Articles | Volume 7, issue 1
29 Jun 2015
Peer-reviewed comment | 29 Jun 2015
CEH-GEAR: 1 km resolution daily and monthly areal rainfall estimates for the UK for hydrological and other applications
V. D. J. Keller et al.
No articles found.
Jamie Hannaford, Jonathan Mackay, Matthew Ascott, Victoria Bell, Thomas Chitson, Steven Cole, Christian Counsell, Mason Durant, Christopher R. Jackson, Alison Kay, Rosanna Lane, Majdi Mansour, Robert Moore, Simon Parry, Alison Rudd, Michael Simpson, Katie Facer-Childs, Stephen Turner, John Wallbank, Steven Wells, and Amy Wilcox
Earth Syst. Sci. Data Discuss.,
Preprint under review for ESSDShort summary
The eFLaG dataset is a nationally consistent set of projections of future climate change impacts on hydrology. eFLaG uses the latest available UK climate projections (UKCP18) run through a series of computer simulation models which enable us to produce future projections of river flows, groundwater levels and groundwater recharge. These simulations are designed for use by water resource planners and managers, but could also be used for a wide range of other purposes.
Lucy J. Barker, Jamie Hannaford, Simon Parry, Katie A. Smith, Maliko Tanguy, and Christel Prudhomme
Hydrol. Earth Syst. Sci., 23, 4583–4602,Short summary
It is important to understand historic droughts in order to plan and prepare for possible future events. In this study we use the standardised streamflow index for 1891–2015 to systematically identify, characterise and rank hydrological drought events for 108 near-natural UK catchments. Results show when and where the most severe events occurred and describe events of the early 20th century, providing catchment-scale detail important for both science and planning applications of the future.
Katie A. Smith, Lucy J. Barker, Maliko Tanguy, Simon Parry, Shaun Harrigan, Tim P. Legg, Christel Prudhomme, and Jamie Hannaford
Hydrol. Earth Syst. Sci., 23, 3247–3268,Short summary
This paper describes the multi-objective calibration approach used to create a consistent dataset of reconstructed daily river flow data for 303 catchments in the UK over 1891–2015. The modelled data perform well when compared to observations, including in the timing and the classification of drought events. This method and data will allow for long-term studies of flow trends and past extreme events that have not been previously possible, enabling water managers to better plan for the future.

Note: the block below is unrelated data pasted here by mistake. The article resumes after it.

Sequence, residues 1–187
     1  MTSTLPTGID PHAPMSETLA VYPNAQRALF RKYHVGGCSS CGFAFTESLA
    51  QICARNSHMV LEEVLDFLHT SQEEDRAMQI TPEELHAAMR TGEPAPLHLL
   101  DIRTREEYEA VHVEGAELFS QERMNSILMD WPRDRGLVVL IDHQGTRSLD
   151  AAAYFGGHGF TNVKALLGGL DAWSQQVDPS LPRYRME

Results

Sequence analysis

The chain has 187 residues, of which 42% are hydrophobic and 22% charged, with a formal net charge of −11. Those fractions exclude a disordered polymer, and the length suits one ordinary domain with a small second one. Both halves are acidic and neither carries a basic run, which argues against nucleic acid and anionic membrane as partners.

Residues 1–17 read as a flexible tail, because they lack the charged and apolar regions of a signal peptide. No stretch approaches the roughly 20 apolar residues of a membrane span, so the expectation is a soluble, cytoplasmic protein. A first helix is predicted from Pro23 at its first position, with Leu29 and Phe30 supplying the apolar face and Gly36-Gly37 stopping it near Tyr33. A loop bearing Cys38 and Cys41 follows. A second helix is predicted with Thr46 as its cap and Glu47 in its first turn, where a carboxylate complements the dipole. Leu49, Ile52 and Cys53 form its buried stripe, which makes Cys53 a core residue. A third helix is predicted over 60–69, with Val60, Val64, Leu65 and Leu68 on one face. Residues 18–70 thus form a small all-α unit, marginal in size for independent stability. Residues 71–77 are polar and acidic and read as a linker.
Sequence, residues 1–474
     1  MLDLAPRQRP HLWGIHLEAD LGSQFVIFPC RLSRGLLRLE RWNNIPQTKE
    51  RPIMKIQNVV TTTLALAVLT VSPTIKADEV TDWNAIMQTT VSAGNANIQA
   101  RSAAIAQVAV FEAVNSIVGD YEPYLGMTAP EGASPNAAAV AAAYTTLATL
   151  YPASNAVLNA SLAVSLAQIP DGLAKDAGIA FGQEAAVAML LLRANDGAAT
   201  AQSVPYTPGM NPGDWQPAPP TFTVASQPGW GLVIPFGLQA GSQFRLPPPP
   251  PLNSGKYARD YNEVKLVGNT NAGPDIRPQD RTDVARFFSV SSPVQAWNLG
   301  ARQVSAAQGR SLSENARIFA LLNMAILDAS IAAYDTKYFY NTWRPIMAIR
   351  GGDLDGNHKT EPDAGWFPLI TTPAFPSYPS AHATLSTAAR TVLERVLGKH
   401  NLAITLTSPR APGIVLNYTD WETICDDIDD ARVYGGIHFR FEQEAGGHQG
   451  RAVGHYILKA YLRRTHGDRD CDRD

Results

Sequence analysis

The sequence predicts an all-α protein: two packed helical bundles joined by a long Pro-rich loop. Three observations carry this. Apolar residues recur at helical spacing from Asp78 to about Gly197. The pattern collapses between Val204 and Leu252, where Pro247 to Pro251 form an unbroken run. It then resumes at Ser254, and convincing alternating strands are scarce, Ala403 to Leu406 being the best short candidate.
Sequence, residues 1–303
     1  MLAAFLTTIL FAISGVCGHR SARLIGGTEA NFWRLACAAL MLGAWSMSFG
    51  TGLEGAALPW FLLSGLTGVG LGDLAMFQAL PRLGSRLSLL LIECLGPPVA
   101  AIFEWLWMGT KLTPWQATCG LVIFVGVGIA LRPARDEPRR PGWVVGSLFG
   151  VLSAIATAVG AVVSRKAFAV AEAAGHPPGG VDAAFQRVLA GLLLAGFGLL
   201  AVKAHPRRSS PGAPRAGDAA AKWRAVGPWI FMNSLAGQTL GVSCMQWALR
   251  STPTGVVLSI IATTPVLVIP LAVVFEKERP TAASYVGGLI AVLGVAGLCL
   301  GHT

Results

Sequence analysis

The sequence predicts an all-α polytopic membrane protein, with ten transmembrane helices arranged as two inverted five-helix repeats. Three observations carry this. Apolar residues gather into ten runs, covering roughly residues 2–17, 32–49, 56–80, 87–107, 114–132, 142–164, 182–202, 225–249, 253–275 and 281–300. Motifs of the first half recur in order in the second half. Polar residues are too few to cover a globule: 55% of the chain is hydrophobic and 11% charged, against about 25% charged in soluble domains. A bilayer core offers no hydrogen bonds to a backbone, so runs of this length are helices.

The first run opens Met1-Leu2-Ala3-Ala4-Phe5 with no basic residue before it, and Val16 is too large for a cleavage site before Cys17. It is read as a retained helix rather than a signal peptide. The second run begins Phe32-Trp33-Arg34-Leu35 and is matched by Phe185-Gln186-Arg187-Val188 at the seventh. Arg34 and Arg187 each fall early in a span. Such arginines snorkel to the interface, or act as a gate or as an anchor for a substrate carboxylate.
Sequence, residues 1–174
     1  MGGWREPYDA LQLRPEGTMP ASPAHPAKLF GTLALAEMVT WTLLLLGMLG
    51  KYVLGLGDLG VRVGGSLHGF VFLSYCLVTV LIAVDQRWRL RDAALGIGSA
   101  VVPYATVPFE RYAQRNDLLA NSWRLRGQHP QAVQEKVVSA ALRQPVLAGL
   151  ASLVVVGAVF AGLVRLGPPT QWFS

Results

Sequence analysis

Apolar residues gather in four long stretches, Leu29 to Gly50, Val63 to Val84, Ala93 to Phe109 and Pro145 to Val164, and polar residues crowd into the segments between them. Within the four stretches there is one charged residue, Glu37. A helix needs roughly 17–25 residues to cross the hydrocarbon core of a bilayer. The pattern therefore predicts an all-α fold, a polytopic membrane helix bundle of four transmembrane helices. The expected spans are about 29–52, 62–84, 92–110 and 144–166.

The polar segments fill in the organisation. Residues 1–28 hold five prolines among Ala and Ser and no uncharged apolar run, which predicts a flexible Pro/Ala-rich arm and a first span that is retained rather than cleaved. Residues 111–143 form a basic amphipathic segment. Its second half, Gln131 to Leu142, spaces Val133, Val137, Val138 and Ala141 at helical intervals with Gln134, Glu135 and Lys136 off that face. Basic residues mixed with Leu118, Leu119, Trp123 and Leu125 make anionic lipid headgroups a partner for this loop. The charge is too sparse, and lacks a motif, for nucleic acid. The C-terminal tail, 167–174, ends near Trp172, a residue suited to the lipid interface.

Maliko Tanguy, Christel Prudhomme, Katie Smith, and Jamie Hannaford
Earth Syst. Sci. Data, 10, 951–968,Short summary
Potential evapotranspiration (PET) is necessary input data for most hydrological models, used to simulate river flows. To reconstruct PET prior to the 1960s, simplified methods are needed because of lack of climate data required for complex methods. We found that the McGuinness–Bordne PET equation, which only needs temperature as input data, works best for the UK provided it is calibrated for local conditions. This method was used to produce a 5 km gridded PET dataset for the UK for 1891–2015.
Shaun Harrigan, Christel Prudhomme, Simon Parry, Katie Smith, and Maliko Tanguy
Hydrol. Earth Syst. Sci., 22, 2023–2039,Short summary
We benchmarked when and where ensemble streamflow prediction (ESP) is skilful in the UK across a diverse set of 314 catchments. We found ESP was skilful in the majority of catchments across all lead times up to a year ahead, but the degree of skill was strongly conditional on lead time, forecast initialization month, and individual catchment location and storage properties. Results have practical implications for current operational use of the ESP method in the UK.
Related subject area
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Bastian Kirsch, Cathy Hohenegger, Daniel Klocke, Rainer Senke, Michael Offermann, and Felix Ament
Earth Syst. Sci. Data, 14, 3531–3548,Short summary
Conventional observation networks are too coarse to resolve the horizontal structure of kilometer-scale atmospheric processes. We present the FESST@HH field experiment that took place in Hamburg (Germany) during summer 2020 and featured a dense network of 103 custom-built, low-cost weather stations. The data set is capable of providing new insights into the structure of convective cold pools and the nocturnal urban heat island and variations of local temperature fluctuations.
Fan Mei, Mikhail S. Pekour, Darielle Dexheimer, Gijs de Boer, RaeAnn Cook, Jason Tomlinson, Beat Schmid, Lexie A. Goldberger, Rob Newsom, and Jerome D. Fast
Earth Syst. Sci. Data, 14, 3423–3438,Short summary